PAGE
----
As long as you’re happy to invest a portion of your money for a long period of time (thinking ten years or longer), and you’re comfortable taking risk with your investments, then equity investments may present an interesting opportunity from here. This is because markets have now fallen back to below their 20-year average valuation levels and are therefore already pricing in a lot of bad news – source: Refinitiv. Equity investments may not wait for the news to get better before starting to recover and may only need some of the uncertainty to lift and the news to look unlikely to continue to get worse (for example signs of interest rate expectations peaking or at least stabilising). In baking parlance this is akin to a cake continuing to firm up as it cools down (and perhaps being at its most delicious still warm from the oven!)

We are mindful that company’s earnings are likely to suffer as we move into the coming recession, and in some more economically sensitive areas (for example leisure and hospitality) we would like to see how earnings progress over the reporting periods ahead before allocating capital. For now, we are of course all trying to cut our spending so that we can afford to cook dinner and keep the heating on. This does not bode well for any spending on things we want over basic needs. As a result, the equity ingredients that we are favouring are in sectors like healthcare, consumer staples and utilities. We also like commodity-related stocks (for example in the oil and gas sector) which are supported by elevated free cash flows from capital expenditure discipline and high energy prices. Ultimately, it must always be a recipe that suits your needs and preferences and we can adapt it when clients have particular areas they’d like to exclude or to positively support and this is always a fascinating discussion at the early stages of building our plan.

Over the medium and longer term, we favour investing where we see long-term tailwinds; for example, via renewable energy infrastructure which will continue to receive much focus as Europe rushes to improve energy security. We expect demand to remain strong for renewable generators, rail infrastructure, building efficiency and the electrification of transport systems.

A few final crumbs remain, over which I’d like to reiterate that it is key to find an Investment Manager who you trust and who speaks your language, and a team who you can work with to define what is important to you, and who can bring the appropriate recipe to life (without being too dry!)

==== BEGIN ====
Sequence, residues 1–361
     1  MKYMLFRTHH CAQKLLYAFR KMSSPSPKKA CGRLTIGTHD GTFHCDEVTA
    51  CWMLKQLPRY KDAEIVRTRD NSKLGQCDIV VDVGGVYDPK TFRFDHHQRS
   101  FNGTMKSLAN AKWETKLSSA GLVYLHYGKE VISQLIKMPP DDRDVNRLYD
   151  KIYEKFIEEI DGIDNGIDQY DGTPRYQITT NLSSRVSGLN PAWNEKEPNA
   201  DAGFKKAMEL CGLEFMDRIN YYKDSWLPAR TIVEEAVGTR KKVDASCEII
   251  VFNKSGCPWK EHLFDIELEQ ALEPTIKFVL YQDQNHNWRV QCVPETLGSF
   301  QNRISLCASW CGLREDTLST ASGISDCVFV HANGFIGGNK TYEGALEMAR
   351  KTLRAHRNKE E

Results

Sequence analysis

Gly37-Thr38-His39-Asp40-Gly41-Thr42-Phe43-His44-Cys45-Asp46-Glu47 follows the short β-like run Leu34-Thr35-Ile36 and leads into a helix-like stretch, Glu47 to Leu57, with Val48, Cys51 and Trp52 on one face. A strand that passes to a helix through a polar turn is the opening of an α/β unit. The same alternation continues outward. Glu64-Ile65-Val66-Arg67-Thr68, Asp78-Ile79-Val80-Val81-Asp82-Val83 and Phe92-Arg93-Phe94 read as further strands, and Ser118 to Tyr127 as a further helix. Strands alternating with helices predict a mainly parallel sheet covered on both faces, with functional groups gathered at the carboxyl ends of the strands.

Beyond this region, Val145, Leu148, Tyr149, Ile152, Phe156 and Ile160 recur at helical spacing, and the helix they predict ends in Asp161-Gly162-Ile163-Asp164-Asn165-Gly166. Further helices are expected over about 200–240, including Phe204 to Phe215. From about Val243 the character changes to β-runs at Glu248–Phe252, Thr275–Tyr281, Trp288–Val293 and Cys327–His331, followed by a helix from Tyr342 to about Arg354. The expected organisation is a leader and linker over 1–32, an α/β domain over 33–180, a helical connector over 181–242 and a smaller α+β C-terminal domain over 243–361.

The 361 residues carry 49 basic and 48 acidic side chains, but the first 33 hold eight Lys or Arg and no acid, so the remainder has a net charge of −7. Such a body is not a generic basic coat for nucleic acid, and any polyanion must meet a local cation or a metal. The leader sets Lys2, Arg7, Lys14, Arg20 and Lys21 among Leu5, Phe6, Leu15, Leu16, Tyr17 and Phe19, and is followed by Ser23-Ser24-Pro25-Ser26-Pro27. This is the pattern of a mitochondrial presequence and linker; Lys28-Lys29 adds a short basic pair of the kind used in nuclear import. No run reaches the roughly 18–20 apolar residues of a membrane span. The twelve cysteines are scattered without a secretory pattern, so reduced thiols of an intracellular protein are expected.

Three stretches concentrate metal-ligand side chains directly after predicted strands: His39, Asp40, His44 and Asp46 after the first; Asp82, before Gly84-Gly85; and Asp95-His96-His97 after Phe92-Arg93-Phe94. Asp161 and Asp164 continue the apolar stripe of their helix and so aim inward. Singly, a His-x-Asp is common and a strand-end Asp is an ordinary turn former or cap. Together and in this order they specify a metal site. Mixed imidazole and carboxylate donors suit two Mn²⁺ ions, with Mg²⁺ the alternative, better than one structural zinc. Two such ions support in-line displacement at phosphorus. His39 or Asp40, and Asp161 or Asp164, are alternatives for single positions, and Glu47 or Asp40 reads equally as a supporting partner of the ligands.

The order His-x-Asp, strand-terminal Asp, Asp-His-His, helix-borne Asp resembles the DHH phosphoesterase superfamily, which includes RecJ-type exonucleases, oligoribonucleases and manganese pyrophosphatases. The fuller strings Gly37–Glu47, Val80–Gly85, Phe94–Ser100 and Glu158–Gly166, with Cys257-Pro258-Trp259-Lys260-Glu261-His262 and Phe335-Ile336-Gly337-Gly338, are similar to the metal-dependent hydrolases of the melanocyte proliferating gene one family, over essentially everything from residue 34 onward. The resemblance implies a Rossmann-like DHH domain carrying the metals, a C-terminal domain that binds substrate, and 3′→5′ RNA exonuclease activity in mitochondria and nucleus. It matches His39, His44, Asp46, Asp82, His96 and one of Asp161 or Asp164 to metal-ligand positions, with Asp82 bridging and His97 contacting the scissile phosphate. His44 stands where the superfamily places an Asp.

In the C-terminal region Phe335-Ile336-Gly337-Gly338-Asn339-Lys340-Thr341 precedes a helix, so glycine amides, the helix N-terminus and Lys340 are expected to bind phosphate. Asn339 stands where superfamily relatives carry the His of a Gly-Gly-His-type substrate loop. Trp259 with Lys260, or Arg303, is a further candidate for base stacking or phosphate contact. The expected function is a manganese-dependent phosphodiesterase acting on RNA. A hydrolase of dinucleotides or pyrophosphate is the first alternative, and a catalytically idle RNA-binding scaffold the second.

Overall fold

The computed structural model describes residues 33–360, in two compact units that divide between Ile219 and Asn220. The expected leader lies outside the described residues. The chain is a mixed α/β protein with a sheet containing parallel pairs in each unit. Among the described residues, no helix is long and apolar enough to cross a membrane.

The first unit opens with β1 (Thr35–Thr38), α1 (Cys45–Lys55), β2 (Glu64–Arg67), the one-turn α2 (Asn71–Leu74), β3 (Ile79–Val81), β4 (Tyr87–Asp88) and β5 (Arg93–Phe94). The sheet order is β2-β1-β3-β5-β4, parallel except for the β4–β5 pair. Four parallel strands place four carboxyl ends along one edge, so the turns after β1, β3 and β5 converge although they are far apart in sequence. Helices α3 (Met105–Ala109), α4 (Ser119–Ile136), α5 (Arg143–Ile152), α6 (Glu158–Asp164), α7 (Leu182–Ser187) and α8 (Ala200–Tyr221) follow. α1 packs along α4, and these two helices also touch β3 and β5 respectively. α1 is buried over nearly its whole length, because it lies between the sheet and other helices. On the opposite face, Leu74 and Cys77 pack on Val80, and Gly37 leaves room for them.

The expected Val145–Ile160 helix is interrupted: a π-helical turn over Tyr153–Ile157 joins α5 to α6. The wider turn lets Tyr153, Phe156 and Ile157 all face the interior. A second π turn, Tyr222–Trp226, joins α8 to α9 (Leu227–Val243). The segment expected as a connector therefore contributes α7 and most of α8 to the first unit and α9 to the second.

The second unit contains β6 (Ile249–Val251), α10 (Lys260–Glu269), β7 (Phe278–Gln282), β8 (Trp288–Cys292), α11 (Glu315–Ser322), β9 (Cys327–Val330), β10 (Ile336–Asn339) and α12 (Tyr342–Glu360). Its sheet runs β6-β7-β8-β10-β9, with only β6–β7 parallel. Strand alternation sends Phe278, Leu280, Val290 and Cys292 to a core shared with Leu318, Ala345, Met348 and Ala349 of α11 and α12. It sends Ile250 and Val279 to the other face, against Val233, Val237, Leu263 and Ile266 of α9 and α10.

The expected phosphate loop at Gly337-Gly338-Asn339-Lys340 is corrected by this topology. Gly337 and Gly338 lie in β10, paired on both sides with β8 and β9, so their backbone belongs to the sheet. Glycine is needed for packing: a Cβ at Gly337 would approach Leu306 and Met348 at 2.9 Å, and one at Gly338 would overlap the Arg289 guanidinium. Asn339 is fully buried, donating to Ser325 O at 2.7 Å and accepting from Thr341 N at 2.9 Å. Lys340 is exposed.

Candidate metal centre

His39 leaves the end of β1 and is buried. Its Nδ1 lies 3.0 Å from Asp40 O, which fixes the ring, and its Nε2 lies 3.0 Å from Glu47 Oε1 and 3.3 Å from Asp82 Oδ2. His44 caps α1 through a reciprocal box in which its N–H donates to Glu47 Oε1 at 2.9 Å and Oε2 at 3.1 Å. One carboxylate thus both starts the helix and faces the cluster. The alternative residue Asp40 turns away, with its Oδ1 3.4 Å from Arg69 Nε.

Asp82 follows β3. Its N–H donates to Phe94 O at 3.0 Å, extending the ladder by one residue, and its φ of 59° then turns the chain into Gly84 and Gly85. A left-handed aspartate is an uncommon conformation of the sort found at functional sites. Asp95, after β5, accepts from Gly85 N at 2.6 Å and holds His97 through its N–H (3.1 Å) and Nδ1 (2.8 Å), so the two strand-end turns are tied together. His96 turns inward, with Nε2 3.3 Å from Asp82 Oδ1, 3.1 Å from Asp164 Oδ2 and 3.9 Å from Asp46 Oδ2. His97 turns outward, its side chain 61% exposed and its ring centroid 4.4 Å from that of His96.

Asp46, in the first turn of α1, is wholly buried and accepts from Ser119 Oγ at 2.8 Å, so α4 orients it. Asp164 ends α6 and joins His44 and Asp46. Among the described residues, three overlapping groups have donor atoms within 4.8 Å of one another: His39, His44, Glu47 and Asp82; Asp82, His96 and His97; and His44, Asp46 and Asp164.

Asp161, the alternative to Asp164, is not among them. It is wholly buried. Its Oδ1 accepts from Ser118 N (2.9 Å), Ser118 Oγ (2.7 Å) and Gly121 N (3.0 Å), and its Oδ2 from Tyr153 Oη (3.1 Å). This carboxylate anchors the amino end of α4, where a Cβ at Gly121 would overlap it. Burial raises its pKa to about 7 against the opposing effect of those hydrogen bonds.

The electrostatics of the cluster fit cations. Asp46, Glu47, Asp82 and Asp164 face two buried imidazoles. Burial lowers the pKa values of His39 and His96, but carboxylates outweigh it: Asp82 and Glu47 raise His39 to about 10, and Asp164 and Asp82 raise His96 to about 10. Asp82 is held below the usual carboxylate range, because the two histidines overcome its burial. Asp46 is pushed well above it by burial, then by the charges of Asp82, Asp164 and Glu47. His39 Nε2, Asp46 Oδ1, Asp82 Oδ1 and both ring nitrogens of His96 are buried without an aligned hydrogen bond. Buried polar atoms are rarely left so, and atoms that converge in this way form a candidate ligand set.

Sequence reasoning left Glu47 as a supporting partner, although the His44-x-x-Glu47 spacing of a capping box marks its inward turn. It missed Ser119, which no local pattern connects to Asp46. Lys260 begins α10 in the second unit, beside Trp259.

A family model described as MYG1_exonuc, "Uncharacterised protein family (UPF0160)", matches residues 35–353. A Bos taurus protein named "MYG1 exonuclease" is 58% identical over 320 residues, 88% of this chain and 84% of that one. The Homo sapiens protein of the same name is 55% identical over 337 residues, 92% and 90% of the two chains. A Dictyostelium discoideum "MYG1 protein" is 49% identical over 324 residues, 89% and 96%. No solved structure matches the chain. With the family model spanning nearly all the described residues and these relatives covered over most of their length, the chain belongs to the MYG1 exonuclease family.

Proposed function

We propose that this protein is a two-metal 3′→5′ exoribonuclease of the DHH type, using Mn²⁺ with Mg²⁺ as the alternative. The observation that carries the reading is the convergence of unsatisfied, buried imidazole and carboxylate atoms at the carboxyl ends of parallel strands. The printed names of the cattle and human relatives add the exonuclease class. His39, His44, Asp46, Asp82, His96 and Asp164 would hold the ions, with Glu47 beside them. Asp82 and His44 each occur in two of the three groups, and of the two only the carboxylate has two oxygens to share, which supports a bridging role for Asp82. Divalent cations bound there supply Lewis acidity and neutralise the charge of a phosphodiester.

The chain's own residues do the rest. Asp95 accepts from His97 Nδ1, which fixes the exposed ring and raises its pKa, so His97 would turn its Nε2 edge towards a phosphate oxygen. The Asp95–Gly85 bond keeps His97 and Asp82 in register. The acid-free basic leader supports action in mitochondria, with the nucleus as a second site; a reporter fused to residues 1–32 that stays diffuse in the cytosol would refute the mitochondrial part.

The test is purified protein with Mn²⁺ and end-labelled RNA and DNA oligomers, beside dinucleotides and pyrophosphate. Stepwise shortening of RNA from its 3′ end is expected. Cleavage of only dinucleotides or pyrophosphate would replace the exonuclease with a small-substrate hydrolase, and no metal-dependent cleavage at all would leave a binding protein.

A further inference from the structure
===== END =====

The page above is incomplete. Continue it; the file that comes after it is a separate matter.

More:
Lucy Taylor is a Partner at Evelyn Partners Investment Management LLP, specialising in Investment Management. She has managed portfolios for private clients, their pensions, charities and family trusts for 25 years. Lucy is a Graduate of Durham University where she read Economics & Economic History. Lucy sits on the Investment Process Committee for the Group. Outside work, she enjoys a variety of hobbies and is qualified to teach mindfulness to children. Lucy has been an independent Trustee and Investment Committee member for a Charity since 2010 and an Adviser to schools and educational charities regarding bursary programmes.

This briefing does not constitute advice nor a recommendation relating to the acquisition or disposal of investments. No responsibility can  be taken for any loss arising from action  taken or refrained  from on the basis of this publication. Details correct at time of writing.

The value of an investment may go down  as well as up and you may  get  back less than you originally invested.

Past performance is not a guide to future performance.

Issued by Evelyn Partners Investment Management LLP. Authorised and regulated by the Financial Conduct Authority. The title ‘Partner’ does not mean that the individual is necessarily a partner of Evelyn Partners Investment Management LLP. For a full list of LLP partners, please refer to Companies House or request directly from Evelyn Partners.

For more information on how the FLiP team of top family lawyers can support you, look at our Finances on Divorce and Separation page and contact us below.